Friday, February 24, 2017

The Monk

At last, the monk.

Each time I plunge into one of these sage abilities posts I feel self-conscious.  I'm know I'm writing about something that certainly applies to only my world, so that for the gentle reader these posts are merely academic.  Many have said some wonderful things, expressed their support, and I am grateful.  Yet this is still seems a voyage that I strike out upon alone.  I wrote many posts about the bard, struggling that out, with a lot of good advice and help from others.  Now I mean to do the same thing with the monk.

That is because I am even less clear about the structure underlying the monk than I was about the bard.  The monk is a functional mess.  It is a splatter mess of martial arts, religion, eastern mythology and game mechanics.  It is part cleric, part thief, part spellcaster, with an unclear agenda and a murky social status within the D&D game world.

For the most part, I've been able to ignore that.  Monks are hard to roll and are usually not taken when the rolls are sufficient.  Since the year 2000 my campaigns have included only three of them.  And only one is active right now.

So what is it?  What defines the monk?  Rather, how do we want to define it.  I'm just not sure.  I will interject here and say that the monk has always been my favorite character.  In terms of combat prowess, I think it holds its own.  But I'd like to give the class a motivation that doesn't depend upon any one culture's honor code or martial arts discipline.  Why?  Because that presses the monk into existing as a stereotype that has to fulfill a cliched game role.  I'd rather my players felt they could design their own monk, their way, without needing to be buddhists, ninjas or some other form of Oriental stock character.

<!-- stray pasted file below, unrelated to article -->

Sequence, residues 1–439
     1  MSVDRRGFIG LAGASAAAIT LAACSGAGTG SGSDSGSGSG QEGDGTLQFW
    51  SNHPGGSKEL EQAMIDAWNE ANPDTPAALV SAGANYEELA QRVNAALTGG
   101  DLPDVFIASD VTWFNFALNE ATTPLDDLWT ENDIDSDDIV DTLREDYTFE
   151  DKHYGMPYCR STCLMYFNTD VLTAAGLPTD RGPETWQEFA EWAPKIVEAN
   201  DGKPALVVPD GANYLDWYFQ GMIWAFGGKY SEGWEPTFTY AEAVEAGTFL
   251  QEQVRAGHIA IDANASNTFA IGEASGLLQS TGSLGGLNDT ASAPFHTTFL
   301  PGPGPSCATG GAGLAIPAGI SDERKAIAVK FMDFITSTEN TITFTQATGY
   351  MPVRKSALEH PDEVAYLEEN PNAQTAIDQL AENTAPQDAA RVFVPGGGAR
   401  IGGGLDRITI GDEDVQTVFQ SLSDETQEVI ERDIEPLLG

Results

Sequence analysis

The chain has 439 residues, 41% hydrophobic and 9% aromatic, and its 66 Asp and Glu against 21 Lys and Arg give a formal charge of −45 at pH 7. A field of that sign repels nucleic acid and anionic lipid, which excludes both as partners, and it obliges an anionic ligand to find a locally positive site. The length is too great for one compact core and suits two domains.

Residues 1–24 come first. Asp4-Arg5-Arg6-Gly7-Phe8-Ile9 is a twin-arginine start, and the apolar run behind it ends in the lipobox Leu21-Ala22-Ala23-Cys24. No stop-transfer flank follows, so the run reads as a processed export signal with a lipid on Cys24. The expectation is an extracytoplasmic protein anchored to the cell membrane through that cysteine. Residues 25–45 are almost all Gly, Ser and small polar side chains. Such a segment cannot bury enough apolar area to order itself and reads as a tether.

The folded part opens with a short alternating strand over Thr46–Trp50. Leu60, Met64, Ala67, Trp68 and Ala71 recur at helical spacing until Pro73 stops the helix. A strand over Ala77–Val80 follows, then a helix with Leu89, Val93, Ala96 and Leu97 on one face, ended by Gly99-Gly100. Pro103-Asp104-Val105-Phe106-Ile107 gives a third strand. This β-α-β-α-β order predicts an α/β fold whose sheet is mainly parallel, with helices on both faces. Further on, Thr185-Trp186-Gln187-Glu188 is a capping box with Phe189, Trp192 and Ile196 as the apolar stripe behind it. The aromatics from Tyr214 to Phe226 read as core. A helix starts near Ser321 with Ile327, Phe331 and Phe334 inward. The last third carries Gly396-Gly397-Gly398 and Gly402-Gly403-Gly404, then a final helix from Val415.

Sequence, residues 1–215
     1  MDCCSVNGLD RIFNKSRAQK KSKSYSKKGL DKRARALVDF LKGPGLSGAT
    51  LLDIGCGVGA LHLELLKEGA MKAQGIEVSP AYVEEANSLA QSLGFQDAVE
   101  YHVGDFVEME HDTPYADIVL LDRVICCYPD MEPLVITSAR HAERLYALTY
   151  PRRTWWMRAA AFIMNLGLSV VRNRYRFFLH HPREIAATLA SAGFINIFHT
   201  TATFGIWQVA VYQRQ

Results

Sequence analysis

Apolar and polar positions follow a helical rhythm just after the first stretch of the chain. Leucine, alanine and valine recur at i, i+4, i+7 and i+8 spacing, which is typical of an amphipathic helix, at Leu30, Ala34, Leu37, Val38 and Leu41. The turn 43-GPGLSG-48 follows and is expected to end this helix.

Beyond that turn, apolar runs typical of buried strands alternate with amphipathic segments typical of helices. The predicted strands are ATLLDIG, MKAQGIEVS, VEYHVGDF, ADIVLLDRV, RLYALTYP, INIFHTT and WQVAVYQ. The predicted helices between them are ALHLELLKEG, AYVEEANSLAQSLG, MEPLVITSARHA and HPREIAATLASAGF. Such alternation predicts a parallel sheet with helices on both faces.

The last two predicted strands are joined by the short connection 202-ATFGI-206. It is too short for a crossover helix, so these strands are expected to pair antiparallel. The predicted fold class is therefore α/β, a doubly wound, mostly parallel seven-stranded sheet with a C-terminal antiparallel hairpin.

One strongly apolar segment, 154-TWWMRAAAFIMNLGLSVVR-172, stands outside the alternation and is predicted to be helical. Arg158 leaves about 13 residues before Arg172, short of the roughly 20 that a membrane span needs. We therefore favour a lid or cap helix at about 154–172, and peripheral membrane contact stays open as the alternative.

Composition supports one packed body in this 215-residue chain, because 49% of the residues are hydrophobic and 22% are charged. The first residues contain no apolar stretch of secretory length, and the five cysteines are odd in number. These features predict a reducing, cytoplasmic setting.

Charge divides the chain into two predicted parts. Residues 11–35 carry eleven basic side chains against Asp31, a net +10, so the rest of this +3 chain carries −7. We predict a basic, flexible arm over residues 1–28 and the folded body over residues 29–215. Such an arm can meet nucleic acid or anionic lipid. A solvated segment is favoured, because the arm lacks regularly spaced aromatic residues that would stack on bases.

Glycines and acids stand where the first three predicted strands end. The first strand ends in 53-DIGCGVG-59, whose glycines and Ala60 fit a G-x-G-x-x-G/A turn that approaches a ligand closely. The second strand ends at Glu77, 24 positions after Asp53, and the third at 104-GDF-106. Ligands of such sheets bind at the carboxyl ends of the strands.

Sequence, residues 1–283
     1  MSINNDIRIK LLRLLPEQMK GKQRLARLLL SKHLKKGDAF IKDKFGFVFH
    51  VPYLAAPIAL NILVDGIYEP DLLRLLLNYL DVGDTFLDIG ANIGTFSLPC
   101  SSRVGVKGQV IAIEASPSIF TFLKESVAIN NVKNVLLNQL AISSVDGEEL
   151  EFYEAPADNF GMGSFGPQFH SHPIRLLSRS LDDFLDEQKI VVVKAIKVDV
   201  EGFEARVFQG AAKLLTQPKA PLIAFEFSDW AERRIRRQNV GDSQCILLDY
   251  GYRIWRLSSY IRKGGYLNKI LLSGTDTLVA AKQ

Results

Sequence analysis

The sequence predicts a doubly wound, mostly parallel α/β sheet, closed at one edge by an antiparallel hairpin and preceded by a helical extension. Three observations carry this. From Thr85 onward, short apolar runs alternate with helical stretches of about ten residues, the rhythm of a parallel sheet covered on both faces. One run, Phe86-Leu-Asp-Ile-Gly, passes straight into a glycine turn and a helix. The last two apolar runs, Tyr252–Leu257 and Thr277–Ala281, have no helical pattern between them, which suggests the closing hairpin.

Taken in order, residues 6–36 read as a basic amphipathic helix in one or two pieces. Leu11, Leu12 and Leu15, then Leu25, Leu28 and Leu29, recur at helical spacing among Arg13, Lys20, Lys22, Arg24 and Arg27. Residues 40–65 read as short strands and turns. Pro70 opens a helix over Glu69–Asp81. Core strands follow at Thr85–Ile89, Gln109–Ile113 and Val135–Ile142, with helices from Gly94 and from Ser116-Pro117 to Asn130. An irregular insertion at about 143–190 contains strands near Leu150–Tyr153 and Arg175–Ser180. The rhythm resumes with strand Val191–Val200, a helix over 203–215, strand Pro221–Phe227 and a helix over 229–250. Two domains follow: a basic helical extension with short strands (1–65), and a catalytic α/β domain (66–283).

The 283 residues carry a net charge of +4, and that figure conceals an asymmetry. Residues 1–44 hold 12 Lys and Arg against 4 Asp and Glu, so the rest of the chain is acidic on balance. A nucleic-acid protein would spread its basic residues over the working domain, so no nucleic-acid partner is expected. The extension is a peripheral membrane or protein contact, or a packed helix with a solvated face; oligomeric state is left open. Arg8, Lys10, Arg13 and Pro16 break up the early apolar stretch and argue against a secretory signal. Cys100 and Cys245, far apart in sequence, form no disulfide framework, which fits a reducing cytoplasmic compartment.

Let's start with how the original player's handbook defined the class.  The monk wasn't allowed to gain strength benefits from the 15 or better strength the monk had to have, or armor class bonuses from the 15 or better minimum dexterity.  This was a way to limit the class.  The character started with a 10 AC that improved as levels were gained, so very slowly.  The character had 2d4 hit points, a little better than a cleric. We used to apply constitution benefits per hit die, so if the monk had a constitution of 15+1, the +1 was applied to each die 4.

The monk also got "open hand," which meant causing damage with the open palm, matching the kung fu martial art that was popular in the 1970s, the way of the open hand.  If the monk scored 5 or more higher on the attack die above what was needed to hit (against humanoid opponents), then the opponent was "stunned" for 1-6 rounds, effectively knocked unconscious.  As well, the monk got a +1/2 hit point bonus per level to damage caused with hand-to-hand weapons.